By Fr. Frank Pavone There is a close link between abortion and contraception. Natural Family Planning, furthermore, provides a solution to both. The Encyclical Humanae Vitae has been and will remain a prophetic voice in the Church bearing witness to these truths. Pope John Paul II's Evangelium Vitae likewise explains the connection between abortion and contraception as "fruits of the same tree." In their 2001 revision of the Pastoral Plan for Pro-Life Activities ("A Campaign in Support of Life"), the United States Catholic Bishops speak of the connection between abortion and contraception in the following paragraphs: Abortion and Contraception The Church's teaching and pastoral efforts on responsible parenthood are appropriately treated more fully in other documents. However, we address the issue here, because some promote widespread use of contraception as a means to reduce abortions and even criticize the Church for not accepting this approach. It is noteworthy that as acceptance and use of contraception have increased in our society, so have acceptance and use of abortion. Couples who unintentionally conceive a child while using contraception are far more likely to resort to abortion than others. Tragically, our society has fallen into a mentality that views children as a burden and invites many to consider abortion as a "backup" to contraceptive failure. This is most obvious in efforts to promote as "emergency contraception" drugs that really act as early abortifacients. With Pope John Paul II we affirm that contraception and abortion are "specifically different evils," because only "the latter destroys the life of a human being," but that they are also related (The Gospel of Life, no. 13). It is important to remember the means that are referred to as "contraceptive" are, in reality, sometimes also abortifacient. An end to abortion will not come from contraceptive campaigns but from a deeper understanding of our human sexuality, and of human life, as sacred gifts deserving our careful stewardship.
What is Natural Family Planning?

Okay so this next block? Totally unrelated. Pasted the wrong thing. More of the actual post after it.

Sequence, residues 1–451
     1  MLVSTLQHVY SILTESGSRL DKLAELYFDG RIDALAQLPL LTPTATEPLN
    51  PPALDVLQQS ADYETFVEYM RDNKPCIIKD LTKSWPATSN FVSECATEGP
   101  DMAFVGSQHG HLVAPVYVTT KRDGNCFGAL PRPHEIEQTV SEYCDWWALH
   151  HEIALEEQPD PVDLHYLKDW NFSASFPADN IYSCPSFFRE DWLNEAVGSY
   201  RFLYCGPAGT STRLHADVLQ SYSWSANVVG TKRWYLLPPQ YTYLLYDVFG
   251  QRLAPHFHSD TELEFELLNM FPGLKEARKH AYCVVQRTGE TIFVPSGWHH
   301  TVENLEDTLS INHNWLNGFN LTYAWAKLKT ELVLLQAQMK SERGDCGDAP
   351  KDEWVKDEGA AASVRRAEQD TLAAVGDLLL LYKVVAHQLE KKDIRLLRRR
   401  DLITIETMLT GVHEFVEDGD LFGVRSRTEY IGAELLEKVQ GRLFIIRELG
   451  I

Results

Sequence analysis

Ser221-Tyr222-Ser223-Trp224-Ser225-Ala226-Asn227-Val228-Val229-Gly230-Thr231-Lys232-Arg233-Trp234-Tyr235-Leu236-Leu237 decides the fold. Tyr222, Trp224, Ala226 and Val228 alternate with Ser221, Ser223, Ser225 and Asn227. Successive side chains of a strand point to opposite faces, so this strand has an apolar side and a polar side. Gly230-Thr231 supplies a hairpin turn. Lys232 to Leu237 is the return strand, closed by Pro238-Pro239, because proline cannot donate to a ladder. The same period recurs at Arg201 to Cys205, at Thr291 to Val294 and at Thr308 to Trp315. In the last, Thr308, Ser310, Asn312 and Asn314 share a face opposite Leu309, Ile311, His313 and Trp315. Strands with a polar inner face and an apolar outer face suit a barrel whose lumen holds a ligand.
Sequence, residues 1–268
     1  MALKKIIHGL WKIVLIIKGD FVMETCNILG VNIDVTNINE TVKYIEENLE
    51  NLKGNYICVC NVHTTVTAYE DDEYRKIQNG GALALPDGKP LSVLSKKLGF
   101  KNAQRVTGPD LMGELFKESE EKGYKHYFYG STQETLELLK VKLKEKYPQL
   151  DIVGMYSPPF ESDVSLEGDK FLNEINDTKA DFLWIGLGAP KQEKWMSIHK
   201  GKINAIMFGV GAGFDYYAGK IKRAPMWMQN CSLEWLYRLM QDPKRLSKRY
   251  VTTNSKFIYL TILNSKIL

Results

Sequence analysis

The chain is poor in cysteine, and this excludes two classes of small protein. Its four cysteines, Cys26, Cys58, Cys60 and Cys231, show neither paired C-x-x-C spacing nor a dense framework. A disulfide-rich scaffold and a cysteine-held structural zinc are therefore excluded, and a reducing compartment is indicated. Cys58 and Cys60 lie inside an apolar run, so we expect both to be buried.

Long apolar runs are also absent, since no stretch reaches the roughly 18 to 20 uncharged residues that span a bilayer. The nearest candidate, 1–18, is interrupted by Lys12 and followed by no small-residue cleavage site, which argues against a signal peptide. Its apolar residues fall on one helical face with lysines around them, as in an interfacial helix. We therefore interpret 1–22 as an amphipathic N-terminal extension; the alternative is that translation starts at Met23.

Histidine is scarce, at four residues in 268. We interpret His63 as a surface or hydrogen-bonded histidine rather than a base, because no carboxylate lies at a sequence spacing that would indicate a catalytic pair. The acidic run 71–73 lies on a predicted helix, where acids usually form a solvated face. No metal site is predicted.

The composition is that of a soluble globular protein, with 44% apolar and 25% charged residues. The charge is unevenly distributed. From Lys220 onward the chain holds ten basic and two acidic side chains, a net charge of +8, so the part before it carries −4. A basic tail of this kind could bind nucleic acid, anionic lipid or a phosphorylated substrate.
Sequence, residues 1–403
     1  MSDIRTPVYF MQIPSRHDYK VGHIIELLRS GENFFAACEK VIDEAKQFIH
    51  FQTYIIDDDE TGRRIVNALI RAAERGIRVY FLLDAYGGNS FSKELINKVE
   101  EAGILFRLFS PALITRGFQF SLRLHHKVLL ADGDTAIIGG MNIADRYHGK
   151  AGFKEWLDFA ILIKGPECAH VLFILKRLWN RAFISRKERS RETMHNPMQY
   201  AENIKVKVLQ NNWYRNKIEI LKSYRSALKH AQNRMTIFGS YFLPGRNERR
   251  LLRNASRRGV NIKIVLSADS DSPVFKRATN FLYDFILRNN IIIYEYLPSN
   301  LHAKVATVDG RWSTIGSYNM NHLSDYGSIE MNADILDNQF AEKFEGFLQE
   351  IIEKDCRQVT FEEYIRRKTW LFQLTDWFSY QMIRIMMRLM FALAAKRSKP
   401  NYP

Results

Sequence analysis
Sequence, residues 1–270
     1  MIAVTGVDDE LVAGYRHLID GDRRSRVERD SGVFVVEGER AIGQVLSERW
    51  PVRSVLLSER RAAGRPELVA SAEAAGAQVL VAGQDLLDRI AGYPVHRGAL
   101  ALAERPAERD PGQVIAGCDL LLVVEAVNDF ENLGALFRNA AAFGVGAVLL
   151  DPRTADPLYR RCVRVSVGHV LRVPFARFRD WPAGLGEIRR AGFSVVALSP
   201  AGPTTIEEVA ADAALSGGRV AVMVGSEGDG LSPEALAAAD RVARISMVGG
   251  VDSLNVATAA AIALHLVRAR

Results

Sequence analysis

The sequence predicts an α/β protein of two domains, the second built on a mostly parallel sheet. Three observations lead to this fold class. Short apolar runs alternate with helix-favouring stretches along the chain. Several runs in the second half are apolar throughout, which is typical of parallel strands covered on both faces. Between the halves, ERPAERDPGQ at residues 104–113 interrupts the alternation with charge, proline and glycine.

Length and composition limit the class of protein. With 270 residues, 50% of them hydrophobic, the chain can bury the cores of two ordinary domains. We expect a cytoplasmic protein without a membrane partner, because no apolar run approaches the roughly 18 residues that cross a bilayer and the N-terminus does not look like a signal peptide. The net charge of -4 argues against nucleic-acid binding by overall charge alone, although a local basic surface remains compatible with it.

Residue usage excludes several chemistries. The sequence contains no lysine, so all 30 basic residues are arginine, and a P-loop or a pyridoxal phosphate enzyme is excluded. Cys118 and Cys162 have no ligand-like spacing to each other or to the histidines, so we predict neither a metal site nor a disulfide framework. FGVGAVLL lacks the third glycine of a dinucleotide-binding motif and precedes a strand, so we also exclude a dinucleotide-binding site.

Natural Family Planning refers to natural methods for achieving and avoiding pregnancy that are based on the observation of the naturally occurring signs and symptoms of the fertile and infertile phases of the menstrual cycle. Couples using natural family planning methods to avoid pregnancy abstain from intercourse and genital contact during the fertile phase of the woman’s cycle. No drugs, devices or surgical procedures are used to avoid pregnancy. There are two primary methods of NFP: the Ovulation Method and the SymptoThermal Method. The Ovulation Method: Through understanding and charting the presence or absence of cervical mucus, the woman learns to recognize the fertile and infertile phases of her menstrual cycle. The Sympto-Thermal Method: Through understanding the cervical mucus symptom, cervical changes, and the changes in basal body temperature, the woman learns to identify the fertile and infertile phases of her menstrual cycle. Who can use NFP? Any married couple can use NFP! A woman need not have “regular” cycles. Natural methods can be used throughout a woman’s reproductive life cycle. NFP education helps couples to fully understand their combined fertility, thereby helping them to either achieve or avoid pregnancy. The key to successful use of NFP is cooperation and communication between husband and wife-a shared commitment. NFP is unique among methods of family planning because it enables its users to work with the body rather than against it. Fertility is viewed as a reality to life, not a problem to be solved. How effective is NFP? When couples understand the methods and are motivated, NFP is up to 99% successful in spacing or limiting births. The effectiveness of NFP depends upon the spouses’ commitment to following the rules of the method according to their family planning intention. NFP instruction helps a couple to identify the most opportune time to achieve as well as avoid pregnancy. Understanding that intercourse or genital contact during the fertile time can result in pregnancy, couples using natural methods must be clear regarding their family planning intention-that is their desire to achieve or avoid pregnancy. No artificial methods are used. These would interfere with the woman’s observations of her fertility signs. NFP and the Catholic Church: Because Natural Family Planning respects the inseparable connection between the life-giving and love-giving aspects of sexual intercourse, it is in accord with Catholic Church teaching on sexuality and marriage. NFP also fosters growth in a deeper understanding of the gift of sexuality and promotes marital chastity.